On filling the need in the post with this class …
“What I really loved about the high school players, Alyssa Rice and Alexis Jennings, is they have very good size, big post players, strong, but have the athleticism and the speed for us to continue to play an up-tempo style. Those are not the easiest players to find. It really is a small group of players each and every year. For us to get two of them out of the high school ranks really, really helps us a lot. Then Ivana (Jakubcova) being a junior college player and having two years of college experience under her belt sometimes that helps a player transition easier into the college game. I think when you lose really dynamic and productive post players like Samarie (Walker) and DeNesha (Stallworth) we need to make sure we did our best to fill that gap. It is really fortunate for us that we were able to get three players that fit our program, not only off the court being high character young women, but also on the court having the athleticism, speed and skillset to play Kentucky basketball.”
On the recruiting process of Ivana Jakubcova …
“You are always looking at all times for people that will fit. Ivana came to our attention and very quickly became a person we thought was a great fit at Kentucky. What I have said many times, it’s funny, recruiting now is 365 days a year and you just have to keep plugging and keep working. Sometimes you recruit a kid from eighth or ninth grade on and she ends up at Kentucky and sometimes it happens with different timing the way that Ivana’s did. Just always on the lookout for the right kind of player and person to help us play championship basketball. She has great size and is really, really tall but still mobile. She is not a plotting slow post (player). She has some great length and can be disruptive around the basket just with her size. The thing we liked most about her is her skillset. She can really run and catch and has great hands. You know, 15 to 17-foot range that is just knockdown deadly and we feel like she can make the 3 enough to keep people honest. Really like her size, speed and skillset.”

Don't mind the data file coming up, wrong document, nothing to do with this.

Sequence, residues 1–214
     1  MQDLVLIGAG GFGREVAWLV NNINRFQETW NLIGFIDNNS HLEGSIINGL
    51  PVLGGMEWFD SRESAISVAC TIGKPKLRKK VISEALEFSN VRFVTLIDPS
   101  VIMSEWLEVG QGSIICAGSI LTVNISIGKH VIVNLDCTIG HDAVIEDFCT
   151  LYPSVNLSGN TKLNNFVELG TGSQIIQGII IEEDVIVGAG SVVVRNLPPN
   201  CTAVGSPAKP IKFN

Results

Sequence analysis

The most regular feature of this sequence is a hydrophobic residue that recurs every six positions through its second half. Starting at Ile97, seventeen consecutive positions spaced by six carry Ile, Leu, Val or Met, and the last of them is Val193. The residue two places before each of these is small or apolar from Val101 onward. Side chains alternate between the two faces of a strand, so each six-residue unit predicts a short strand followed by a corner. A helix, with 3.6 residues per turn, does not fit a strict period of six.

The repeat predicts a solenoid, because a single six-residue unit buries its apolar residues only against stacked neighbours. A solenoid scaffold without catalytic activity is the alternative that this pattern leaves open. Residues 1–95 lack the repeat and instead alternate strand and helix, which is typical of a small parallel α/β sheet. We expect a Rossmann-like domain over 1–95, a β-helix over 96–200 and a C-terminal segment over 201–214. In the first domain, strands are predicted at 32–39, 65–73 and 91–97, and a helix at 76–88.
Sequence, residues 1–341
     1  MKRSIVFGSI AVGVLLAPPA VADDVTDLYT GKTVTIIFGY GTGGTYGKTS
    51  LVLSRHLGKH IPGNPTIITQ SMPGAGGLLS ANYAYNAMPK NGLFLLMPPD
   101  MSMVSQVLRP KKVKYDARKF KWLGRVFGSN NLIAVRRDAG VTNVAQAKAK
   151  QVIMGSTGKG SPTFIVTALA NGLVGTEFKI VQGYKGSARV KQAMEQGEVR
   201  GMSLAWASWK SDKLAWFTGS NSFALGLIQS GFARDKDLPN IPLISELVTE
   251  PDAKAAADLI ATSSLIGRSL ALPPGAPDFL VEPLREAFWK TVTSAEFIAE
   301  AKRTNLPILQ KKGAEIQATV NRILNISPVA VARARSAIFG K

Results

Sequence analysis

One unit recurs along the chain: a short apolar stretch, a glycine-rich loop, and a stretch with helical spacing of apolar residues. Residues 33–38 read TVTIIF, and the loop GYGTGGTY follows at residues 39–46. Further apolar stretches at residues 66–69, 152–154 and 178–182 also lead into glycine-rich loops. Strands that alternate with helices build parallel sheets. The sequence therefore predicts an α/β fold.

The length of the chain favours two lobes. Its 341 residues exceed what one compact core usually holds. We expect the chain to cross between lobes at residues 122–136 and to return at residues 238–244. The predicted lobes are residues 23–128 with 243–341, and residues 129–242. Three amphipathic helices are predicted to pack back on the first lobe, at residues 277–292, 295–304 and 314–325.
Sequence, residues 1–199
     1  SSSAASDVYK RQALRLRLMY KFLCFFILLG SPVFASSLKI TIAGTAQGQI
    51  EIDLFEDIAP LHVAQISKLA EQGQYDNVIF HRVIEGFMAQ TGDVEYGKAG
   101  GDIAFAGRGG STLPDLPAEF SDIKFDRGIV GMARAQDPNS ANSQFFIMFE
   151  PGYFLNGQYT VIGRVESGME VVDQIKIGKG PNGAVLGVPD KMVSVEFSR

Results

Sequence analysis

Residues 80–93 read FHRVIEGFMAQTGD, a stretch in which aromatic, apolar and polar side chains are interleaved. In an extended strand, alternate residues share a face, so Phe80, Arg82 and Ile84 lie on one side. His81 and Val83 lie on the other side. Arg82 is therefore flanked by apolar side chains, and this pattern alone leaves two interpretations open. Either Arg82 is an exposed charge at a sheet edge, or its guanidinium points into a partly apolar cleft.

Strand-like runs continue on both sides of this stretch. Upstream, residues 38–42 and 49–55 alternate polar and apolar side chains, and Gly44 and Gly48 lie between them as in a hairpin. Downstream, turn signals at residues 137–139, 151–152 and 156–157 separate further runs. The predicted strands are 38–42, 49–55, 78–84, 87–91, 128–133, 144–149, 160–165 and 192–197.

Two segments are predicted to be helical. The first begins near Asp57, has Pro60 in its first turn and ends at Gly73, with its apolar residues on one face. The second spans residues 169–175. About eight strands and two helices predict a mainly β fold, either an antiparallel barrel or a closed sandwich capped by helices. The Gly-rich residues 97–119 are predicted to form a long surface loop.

On the importance of this signing class with the senior class that is leaving after 2013-14 …
“Yeah, you look at DeNesha and Samarie and look what they have become here and you want to try to get some players that could become what they are. That is kind of what you look for and we think that clearly with Alexis and Alyssa, they remind me of those two players and what they can do. Alexis can really handle the basketball and Alyssa can really handle the basketball sort of like Samarie and DeNesha. They both have great size and both are explosive athletes. That helps a lot. Losing Kastine (Evans), losing Bernisha (Pinkett), two players who have throughout their careers made significant contributions, but both of them have been able to make shots from the perimeter and help us there and Jaycee Coe is one of the elite-level shooters in this class and what a high character young woman she is. I am really excited that we were able to identify some players that can come in and become top-level, top-notch Kentucky basketball players.”
On if he has coached anyone with the size of Ivana …
“Not many. There are not a lot of 6-6 post players out there. I have been around some and size and height is something that you are given by God and you can’t coach that. We were really excited once we got to know her and the kind of person she is. I think she has a tremendous potential to have a really good two years here at Kentucky.”
On Bradley …